Review by André Crous
More than 90 years after it was first released, Wings continues to impress in large part thanks to the majesty of its aerial combat scenes. The film was directed by William Wellman, who turned 31 towards the end of production and had served as a fighter pilot in the French Foreign Legion during World War I a decade earlier. This experience in the air clearly came in very useful during the shoot, as the most exciting moments all take place high above the earth.
In staging and shooting his “dogfights”, Wellman anticipated what Steven Spielberg would do more than 40 years later in Duel: To impress upon the viewer how fast an object is moving, it needs a background against which its velocity can be made visible. In the case of planes, that means a clear blue sky won’t do, and Wellman allegedly waited days – sometimes weeks – for clouds to form. The results speak for themselves as the camera perfectly captures both the speed and the motion, from a soaring take-off to a tumble through the clouds.
We start somewhere in middle America, where the carefree Jack (played by the clean-cut Buddy Rogers), still very much a boy rather than a man, is the connecting tissue between two separate love triangles. His neighbour, Mary (Clara Bow), whom he considers a friend, likes him as more than just a friend. But he only has eyes for Sylvia, who, in turn, is in a secret relationship with the rich, soft-spoken and socially awkward David (Richard Arlen). When Jack and David heed the call to enlist in the army in 1917, they receive training as combat pilots and, before long, are sent off to the battlefields of Europe.
A title card informs us of the “mighty maelstrom of destruction” that the war turned into over its four years of combat, and the film depicts this apocalyptic vision with vivid scenes of violence. Mortality hits home for the two small-town boys at their training camp when an aviator they just met and will be sharing a tent with crashes overhead.
Wings is at its best during the action scenes, while the romance is as shallow as one would expect from a 1920s production. However, the virtuosity of Wellman and cameraman Harry Perry is not limited to the skies. The battle scenes are equally impressive as we can see and feel the enormity of events.
When the French town of Merval is bombed, one of the explosives hits a church, whose bell tower flies straight off and comes crashing down on an automobile. The trench warfare includes explosions all over that make it seem like the earth is opening up and swallowing the armed forces whole. At another point, as reserves are marching across the countryside, another explosion sends the men and their limbs flying over the fields. Elsewhere, a tank drives across soldiers as bombs go off and others are stabbed with rifles. It is all a ghastly sight but brings the horror of war home, even to a viewer a century later.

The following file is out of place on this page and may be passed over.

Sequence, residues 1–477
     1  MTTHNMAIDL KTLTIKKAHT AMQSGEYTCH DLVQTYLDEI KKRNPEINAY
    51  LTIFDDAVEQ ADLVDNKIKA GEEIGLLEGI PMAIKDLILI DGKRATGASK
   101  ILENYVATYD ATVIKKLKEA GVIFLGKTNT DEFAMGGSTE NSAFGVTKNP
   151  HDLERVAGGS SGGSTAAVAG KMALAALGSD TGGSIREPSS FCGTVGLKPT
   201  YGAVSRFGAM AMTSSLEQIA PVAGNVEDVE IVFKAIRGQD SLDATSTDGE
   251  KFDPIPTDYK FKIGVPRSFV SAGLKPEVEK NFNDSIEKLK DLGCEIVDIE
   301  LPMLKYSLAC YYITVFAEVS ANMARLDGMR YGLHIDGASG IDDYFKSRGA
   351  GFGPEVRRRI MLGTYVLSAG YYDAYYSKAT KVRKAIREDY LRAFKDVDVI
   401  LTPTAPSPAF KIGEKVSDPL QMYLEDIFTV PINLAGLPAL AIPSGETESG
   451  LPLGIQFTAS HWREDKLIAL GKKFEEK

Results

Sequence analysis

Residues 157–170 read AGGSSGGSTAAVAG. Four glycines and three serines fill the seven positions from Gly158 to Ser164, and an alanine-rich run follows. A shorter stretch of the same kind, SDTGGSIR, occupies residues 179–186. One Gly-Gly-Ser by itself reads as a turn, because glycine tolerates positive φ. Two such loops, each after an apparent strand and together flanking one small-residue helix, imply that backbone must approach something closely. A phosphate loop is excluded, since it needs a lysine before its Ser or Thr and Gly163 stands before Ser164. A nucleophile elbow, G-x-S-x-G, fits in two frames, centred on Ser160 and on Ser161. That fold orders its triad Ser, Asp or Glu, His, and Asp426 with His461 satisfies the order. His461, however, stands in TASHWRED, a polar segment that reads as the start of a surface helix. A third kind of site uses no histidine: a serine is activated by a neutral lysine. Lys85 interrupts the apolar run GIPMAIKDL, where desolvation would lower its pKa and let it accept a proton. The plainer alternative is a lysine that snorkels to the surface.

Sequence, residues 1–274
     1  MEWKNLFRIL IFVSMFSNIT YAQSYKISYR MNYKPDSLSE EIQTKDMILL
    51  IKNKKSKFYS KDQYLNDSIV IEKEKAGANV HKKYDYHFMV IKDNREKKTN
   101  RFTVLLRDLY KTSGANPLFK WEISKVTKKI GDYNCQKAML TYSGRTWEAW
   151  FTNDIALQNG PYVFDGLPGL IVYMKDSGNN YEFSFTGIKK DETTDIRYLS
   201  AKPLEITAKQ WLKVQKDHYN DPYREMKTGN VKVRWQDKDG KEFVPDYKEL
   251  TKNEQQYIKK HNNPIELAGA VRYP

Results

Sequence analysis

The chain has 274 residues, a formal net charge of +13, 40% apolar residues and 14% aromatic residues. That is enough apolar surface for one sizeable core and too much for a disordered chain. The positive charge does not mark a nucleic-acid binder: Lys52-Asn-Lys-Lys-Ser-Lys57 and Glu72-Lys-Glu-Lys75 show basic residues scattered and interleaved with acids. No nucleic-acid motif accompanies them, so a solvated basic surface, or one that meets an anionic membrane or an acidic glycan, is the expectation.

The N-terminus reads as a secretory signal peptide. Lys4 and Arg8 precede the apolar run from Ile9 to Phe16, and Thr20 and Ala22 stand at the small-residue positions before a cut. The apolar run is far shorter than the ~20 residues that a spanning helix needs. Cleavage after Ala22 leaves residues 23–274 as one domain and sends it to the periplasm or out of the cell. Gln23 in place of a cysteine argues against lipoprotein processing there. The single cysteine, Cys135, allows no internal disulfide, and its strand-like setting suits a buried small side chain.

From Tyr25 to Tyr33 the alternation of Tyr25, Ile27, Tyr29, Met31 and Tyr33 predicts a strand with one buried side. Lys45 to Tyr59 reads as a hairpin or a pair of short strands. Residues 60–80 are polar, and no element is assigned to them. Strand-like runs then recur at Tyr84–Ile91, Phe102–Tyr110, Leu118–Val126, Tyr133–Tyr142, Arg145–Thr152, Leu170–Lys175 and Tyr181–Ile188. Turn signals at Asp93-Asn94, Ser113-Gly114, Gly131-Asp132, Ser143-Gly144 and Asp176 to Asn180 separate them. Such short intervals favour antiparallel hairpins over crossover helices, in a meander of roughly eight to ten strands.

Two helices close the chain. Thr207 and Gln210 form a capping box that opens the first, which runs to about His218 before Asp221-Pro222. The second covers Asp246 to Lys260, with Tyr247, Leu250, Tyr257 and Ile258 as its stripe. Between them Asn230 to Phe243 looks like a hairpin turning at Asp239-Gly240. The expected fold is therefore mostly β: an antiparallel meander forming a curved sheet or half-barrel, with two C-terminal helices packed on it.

The film was recently restored to 145 mint-condition minutes that also include orange colouring to add emphasis for fire, including gunfire. One can easily see how it came to be that the Oscars handed out its first-ever Academy Award for Best Picture (then called the award “for Outstanding Picture”) to Wings, but given the scale of the achievement and, especially, its contemporaries, one might start wondering whether, perhaps, the Oscars were established because Wings simply had to receive its due recognition.
The serious drama on the battlefield is counterweighted, however, by the simplistic melodrama of the duelling romances. One particularly egregious scene takes place at a nightclub in Paris, which starts with a famous track-in across (and seemingly through) a series of tables and bar patrons and ends on Jack, who is already hammered. Mary, who is no wallflower and has already survived at least one major bombing raid in France while serving as a wartime ambulance driver, finds him there but almost immediately collapses into an emotional mess. All of this is quite in keeping with the roles assigned to male and female characters at the time but feels at odds with what appears to be an authentic portrayal of real life on the battlefield.
Although struggling with some overly theatrical acting, Wings more than makes up for its melodramatic lapses with stunningly rendered battles scenes both on land and in the air. From spectacular long shots that fill our field of vision with scenes of mayhem in motion to singular moments of grandeur, like the immolation of an airship depicted 10 years before the infamous Hindenburg disaster, this is a film that could reach its ambition because the art of filmmaking had come so far. This production would not have been possible again for a very long time, as the microphone would have greatly hindered the camera’s movements, and even today, it is worth reminding ourselves what was already possible without special effects in 1927.
Director(s) William Wellman
Screenwriters Hope Loring, Louis D. Lighton
Directors of Photography Harry Perry
Stars Clara Bow, Charles 'Buddy' Rogers, Richard Arlen
Running Time 145 minutes
André Crous is a professional film critic and a member of FIPRESCI. He holds a French honour’s degree, two master’s degrees and a Ph.D. His research examined the works of Francois Truffaut, Mikhail Kalatazov, Martin Scorcese, Paul Thomas Anderson and Michael Winterbottom. He writes about movies in his blog, Celluloid Paradiso and lives in Prague, Czech Republic. | Read More ⟩